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Observations

Observations

Opinion, arguments & analyses from the editors of Scientific American

In the future, will we all be cannibals?

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Brett Israel, blogging for Discover magazine, calls it the worst science article of the week: a report in the Sunday Times of London and elsewhere that Mark Post of Eindhoven University and his colleagues had grown "a soggy form of pork" in the laboratory, with the eventual aim of cultivating meat in vitro for human consumption. Israel's main complaint was that the story is old; indeed, Brendan Borrell wrote about it for us earlier this year. But what's really bad about is that it augurs an era when restaurants will serve human flesh.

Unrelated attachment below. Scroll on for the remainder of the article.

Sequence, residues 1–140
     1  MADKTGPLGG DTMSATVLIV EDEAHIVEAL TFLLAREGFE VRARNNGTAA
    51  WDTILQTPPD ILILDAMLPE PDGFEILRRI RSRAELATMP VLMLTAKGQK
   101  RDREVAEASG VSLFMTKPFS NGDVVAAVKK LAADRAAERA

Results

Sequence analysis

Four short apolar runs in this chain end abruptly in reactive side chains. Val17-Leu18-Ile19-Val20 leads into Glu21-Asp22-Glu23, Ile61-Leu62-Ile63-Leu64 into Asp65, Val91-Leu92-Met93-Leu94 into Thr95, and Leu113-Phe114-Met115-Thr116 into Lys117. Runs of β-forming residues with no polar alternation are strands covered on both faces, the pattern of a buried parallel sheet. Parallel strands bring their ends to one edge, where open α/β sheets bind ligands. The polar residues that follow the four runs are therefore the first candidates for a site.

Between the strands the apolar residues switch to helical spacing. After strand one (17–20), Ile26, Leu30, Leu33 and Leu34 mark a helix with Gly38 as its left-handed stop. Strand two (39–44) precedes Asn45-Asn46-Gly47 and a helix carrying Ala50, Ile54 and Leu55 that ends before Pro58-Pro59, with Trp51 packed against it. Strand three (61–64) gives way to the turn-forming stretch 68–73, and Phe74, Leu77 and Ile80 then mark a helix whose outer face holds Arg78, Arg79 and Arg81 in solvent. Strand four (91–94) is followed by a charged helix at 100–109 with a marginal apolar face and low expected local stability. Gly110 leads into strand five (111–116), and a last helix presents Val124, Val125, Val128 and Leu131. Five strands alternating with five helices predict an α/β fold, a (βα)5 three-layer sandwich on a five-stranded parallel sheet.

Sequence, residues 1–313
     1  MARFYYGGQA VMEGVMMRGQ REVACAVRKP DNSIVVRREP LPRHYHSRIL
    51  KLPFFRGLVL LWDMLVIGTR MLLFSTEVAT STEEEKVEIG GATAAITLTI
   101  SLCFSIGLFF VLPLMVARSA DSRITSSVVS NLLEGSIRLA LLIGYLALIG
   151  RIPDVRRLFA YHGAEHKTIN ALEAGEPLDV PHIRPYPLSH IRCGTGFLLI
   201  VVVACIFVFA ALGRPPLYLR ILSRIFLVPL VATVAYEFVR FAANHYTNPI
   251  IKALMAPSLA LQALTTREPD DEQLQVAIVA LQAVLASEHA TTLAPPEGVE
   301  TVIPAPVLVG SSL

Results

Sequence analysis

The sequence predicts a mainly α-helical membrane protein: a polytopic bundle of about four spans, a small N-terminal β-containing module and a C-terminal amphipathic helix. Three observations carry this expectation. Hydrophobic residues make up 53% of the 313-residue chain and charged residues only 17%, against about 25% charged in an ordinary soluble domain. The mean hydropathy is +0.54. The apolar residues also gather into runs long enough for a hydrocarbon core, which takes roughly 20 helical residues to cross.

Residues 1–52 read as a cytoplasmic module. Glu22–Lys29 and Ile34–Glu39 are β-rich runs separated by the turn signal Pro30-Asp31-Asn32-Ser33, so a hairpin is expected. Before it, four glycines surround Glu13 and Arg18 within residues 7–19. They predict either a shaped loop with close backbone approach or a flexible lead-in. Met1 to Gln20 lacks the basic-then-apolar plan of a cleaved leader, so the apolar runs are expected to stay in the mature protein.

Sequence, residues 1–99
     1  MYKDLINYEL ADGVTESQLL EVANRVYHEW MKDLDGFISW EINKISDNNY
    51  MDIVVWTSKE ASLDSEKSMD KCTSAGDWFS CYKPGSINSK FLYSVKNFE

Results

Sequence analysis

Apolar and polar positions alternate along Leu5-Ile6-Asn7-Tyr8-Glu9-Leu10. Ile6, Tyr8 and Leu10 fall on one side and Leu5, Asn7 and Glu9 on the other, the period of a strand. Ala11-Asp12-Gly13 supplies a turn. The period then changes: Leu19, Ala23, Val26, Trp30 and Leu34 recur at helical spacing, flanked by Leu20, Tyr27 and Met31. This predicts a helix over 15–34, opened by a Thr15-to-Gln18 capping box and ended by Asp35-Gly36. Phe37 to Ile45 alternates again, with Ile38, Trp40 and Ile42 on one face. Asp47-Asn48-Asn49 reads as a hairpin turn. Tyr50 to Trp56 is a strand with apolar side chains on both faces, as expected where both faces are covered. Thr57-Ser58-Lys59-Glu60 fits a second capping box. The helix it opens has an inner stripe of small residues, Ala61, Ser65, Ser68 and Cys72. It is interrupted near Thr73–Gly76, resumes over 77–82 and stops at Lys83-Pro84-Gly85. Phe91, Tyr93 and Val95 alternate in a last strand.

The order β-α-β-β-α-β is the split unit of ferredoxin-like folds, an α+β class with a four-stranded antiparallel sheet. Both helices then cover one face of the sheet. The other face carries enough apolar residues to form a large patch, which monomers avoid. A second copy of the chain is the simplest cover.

Even if chicken from a test tube can't compete with the products of factory farming, the technology lets you grow meats you can't get any other (legal) way. Some of us, inevitably, would want to try them. Hank Henna, blogging for h+ magazine, speculates about dinosaur and Komodo-dragon burgers. But the ultimate taboo is the most mouth-watering. NPR's Ira Flatow recently interviewed Carole Travis-Henikoff, author of Dinner With a Cannibal. She told Flatow:

Cannibals usually say it's the best meat they've ever tasted…. I can't tell you what it would taste like, but I know what it looks like. And there is no reason on Earth that it wouldn't be good. We're only 1 to 3 percent different in genetics from chimpanzees. And in Africa today, a person will give up a whole year's wages for a carcass of a chimpanzee.

That said, there is another possibility. By reminding us what meat really is, the prospect of eating human flesh might turn us all into vegetarians.

Leonhard Kern sculpture photographed by Andreas Praefcke, from Wikimedia Commons

The views expressed are those of the author and are not necessarily those of Scientific American.

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